The movement of the body also impacts the breath. If our shoulders and chest slouch forward, it causes tension in the surrounding muscles, while compressing the ribcage forward and down, causing tension in the muscles in between the ribs. A shortened and rounded spine compresses the diaphragm and the abdomen, which limits the movement of the diaphragm and inhibits our capacity to breathe with ease.
If the diaphragm is not able to do its job properly, the surrounding muscles around the chest and shoulders start to “take over”, causing the breath to become superficial, which can create tension in the neck, shoulders and chest. This can trigger the sympathetic nervous system, leaving you in a state of stress.
Good to know about the breath
- You can re-train and improve your breathing pattern by improving your posture.
- Stretching the muscles surrounding the neck, shoulders, chest and ribcage can help “free up your breath” so that you can breathe with more ease.
- Strengthening the postural muscles around your back can help you maintain a long spine and an upright posture.
- The breath is not constant, it changes all the time depending on the body’s activity and your emotional state.
- A common misconception, especially in yoga classes, is that the breath should be kept at a similar pace at all times i.e. that if we can keep our breath constant, no matter how strenuous our yoga practice is, then we are “doing it right”. This is not the case. A healthy breath adapts to the body’s metabolic needs. This means that your breath will adapt depending on what physical movements and activities that you do. If you are resting in the couch reading a book, your breath will be quiet and hardly noticeable. If you have just finished a massive sprint, then you will naturally be gasping for air, taking quick shallow breaths. Your breath does not remain the same.
- Your breath also changes depending on how you move your body, and this becomes apparent when practising yoga movements.
Good to know about breathing and different movements
- When practising deep twists where the abdomen is compressed to a great degree, your breath will become restricted, causing the breath to shorten and become shallower.
- When practising backbends, the pull of the spine on the diaphragm, and the deep stretch of the muscles of the chest and ribcage makes it harder to take deep breaths. Shorter shallow breaths are therefore necessary.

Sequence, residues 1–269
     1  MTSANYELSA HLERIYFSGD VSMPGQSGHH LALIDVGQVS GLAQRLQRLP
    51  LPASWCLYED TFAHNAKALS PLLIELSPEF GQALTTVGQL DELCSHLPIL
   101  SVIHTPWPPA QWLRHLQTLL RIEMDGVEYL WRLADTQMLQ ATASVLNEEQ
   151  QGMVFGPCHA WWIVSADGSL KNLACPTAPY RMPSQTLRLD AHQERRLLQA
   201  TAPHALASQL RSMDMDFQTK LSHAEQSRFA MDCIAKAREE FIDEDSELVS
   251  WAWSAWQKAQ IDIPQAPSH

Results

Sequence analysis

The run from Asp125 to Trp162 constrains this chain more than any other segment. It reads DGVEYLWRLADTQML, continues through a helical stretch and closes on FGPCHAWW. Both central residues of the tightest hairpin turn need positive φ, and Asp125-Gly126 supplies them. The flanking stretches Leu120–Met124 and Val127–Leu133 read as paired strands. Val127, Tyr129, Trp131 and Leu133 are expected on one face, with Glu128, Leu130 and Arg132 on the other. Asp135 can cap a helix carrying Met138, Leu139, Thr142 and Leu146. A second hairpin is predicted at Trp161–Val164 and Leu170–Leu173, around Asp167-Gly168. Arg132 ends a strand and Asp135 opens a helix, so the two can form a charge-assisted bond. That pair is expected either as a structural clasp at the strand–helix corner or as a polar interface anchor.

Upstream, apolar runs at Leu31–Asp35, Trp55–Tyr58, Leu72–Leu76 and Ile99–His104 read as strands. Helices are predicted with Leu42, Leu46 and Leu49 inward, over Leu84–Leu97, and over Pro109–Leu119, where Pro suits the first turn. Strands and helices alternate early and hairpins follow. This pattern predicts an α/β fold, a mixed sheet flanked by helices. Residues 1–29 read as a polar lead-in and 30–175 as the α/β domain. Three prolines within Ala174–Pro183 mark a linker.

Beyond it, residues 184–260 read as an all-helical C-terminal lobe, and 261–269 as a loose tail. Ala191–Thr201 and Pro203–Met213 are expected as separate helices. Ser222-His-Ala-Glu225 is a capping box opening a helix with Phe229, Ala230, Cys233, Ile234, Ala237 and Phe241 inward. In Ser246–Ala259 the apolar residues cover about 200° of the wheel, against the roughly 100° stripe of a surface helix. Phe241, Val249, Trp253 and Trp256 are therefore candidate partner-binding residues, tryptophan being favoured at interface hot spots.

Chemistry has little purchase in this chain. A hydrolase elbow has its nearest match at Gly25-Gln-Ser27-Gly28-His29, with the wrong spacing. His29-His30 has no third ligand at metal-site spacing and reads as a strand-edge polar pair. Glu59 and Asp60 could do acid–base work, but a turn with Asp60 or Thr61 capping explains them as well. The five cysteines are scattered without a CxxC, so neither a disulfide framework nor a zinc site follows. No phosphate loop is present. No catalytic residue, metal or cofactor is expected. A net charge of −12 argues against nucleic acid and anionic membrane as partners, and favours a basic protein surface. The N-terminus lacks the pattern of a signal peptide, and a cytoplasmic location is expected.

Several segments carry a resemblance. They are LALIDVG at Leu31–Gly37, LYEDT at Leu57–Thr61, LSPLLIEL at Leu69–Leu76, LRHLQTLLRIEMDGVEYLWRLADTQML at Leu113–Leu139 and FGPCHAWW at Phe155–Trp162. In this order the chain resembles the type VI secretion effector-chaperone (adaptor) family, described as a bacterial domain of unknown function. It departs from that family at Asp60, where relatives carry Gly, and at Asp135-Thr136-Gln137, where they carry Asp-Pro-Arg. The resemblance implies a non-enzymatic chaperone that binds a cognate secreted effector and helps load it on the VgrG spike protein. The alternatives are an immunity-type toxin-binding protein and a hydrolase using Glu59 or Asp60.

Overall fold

- If you’re resting on your back, your postural muscles can relax making it easier to take deeper slower breath with less effort.
- If you are sitting upright on the floor, your postural muscles are required to engage more to resist gravity and keep the spine upright. This makes it more effortful to breathe.
- If you do abdominal work such as planks or sit-ups, you allow the inhalation to release the contraction in the abdomen, and contract the abdominals on the exhalation.
Easy body – easy breath, and vice versa
We now know that our breath moves our body, and that the movement of our body affects how we breathe, as well as the sensation of the breath. If we can approach our breath and movement as two co-existing forces, we will start to notice that they both always work together. Thus, the key is to cultivate a harmonious relationship between breath and body, to experience greater freedom and ease in ourselves as a whole. One breath at a time.
In my next article, Exploring the breath: part 2, I will introduce the practice of pranayama and its effects on mental health.
- Creating a space for the wild birds to settle down, by Eleonora Ramsby Herrera.
- Breathe life into your life – part 1, by Ulrica Norberg.
- In Swedish: Andas i harmoni, av Linus Johansson.
- Intelligent Yoga: Listening to the body’s innate wisdom.
- Yoga Anatomy.
- Yoga FAQ: Almost everything you need to know about yoga – from asanas to yamas.
- Anatomy, Abdomen and Pelvis, Diaphragm.
Videos on breathing